Our preserve cameras provide information on trail use that aids in planning new facilities. They also help us understand how wildlife are affected by the presence of trails. Here’s what the cameras have captured lately.
Mother Mountain Lion and Baby
Like other babies, this lion cub didn't hold still for the camera. Mountain lions are a fixture in the Santa Cruz Mountains foothills and claim Rancho Cañada del Oro as part of their range. Deer, the staple of the mountain lion diet, are plentiful and creeks provide a source of water. Human-mountain lion encounters are rare. If you do see a lion while visiting the preserve, please call 408-224-7476 to report the sighting or file a trail report online.
Bald Peaks Trail
Bobcats are considerably smaller than the other wild feline found at Rancho, the mountain lion, and they have stubby tails. Crepuscular (active at dawn and dusk) and elusive, bobcats are excellent hunters, preying on rabbits, birds, squirrels and sometimes even larger animals. Males have territories that may cover 25 to 30 square miles. Females have smaller ranges that never overlap with other female bobcats.
Wild domesticated hogs and Eurasian boars introduced centuries ago make up this nuisance population. Feral pigs root up vegetation and create wallows out of springs and ponds. This can lead to the degradation of water quality and may impact other species. They are the most prolific large wild mammal in North America. Sows can have 2 litters a year and breed in any season. A favorite food of feral pigs is acorns.
Wild turkeys from the southwestern U.S were first introduced to California in 1877 as game birds. In the mid- and late-1900s California Fish & Game increased the state’s turkey populations by capturing and relocating established birds. Turkeys feed primarily on vegetation. They prefer a mixed habitat of trees and grassland. This provides a variety of edible plants as well as trees for cover and roosting.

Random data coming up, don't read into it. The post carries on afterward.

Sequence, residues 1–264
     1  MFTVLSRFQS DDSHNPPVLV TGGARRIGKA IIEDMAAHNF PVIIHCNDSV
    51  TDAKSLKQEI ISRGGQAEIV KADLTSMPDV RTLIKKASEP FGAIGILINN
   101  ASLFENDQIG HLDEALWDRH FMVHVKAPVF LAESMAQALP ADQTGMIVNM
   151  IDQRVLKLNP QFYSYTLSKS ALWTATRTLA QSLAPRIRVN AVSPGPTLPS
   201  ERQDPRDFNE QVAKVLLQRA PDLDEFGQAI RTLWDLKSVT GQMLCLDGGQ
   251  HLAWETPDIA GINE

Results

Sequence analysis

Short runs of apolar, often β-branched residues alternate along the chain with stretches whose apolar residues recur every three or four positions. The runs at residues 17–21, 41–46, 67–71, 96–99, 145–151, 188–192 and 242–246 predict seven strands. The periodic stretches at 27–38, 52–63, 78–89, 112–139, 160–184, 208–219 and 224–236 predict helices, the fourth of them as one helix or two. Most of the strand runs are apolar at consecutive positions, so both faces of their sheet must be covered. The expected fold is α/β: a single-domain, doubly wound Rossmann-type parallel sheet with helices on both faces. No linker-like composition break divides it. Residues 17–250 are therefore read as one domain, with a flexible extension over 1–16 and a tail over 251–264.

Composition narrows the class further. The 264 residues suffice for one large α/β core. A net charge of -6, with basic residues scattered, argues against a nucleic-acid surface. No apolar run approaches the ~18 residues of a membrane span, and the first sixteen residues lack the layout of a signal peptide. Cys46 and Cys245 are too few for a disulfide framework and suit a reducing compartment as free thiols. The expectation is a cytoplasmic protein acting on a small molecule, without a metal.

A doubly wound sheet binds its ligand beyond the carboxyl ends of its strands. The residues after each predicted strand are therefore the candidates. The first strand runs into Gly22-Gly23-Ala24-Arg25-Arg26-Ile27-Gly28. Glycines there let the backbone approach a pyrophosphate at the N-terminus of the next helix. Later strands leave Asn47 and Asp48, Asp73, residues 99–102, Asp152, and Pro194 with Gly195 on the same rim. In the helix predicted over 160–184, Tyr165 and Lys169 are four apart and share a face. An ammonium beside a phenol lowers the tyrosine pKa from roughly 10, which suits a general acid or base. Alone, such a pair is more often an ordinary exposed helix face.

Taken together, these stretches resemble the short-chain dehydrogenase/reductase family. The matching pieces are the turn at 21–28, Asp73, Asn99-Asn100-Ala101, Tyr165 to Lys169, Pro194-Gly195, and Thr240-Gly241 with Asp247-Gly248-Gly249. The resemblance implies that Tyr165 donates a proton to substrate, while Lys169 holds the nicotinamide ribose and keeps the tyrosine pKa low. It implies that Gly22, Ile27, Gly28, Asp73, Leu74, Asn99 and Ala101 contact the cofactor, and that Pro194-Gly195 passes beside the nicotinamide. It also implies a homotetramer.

A sub-species of mule deer, black-tailed deer are adapted to many different habitats. They feed on a variety of plants, often browsing the buds, shoots, leaves and berries of trees and shrubs. Males have antlers they shed each winter after the mating season. Females bear their young in the spring, often having twins or even triplets. Fawns usually stay with their mother through their first year.
Mountain Lion Family
Bald Peaks Trail
Mountain lions– also known as cougars, pumas and catamounts – are nocturnal animals. They are recognizable by their size: Males can weigh as much as 150 pounds and be 8 feet long, including a long, graceful tail. Except while a female is rearing young, cougars are solitary, living and hunting alone. A primary food source is deer. Male lions may cover a hunting range of up to 100 square miles in search of prey.
The gray fox is an omnivore. It eats grains, fruits, birds, small mammals, insects, human food, garbage and carrion. Its preferred habitats are woody, brushy and rocky with a creek in the vicinity. Foxes establish their dens in rock outcroppings, hollow logs, brush piles and similar sites. Most active from sunset to sunrise, foxes are generally shy and elusive. They are the only canine known to climb trees.
Mayfair Ranch Trail
Cattle play an important role in grassland management at Rancho Cañada del Oro. Their grazing can interrupt the life cycle of invasive plants before they go to seed. This gives native grasses a chance to spread. When the desired amount of plant cover is consumed, the cows are moved to avoid over-grazing. Cows are curious but shy and are, so far, unable to open gates by themselves.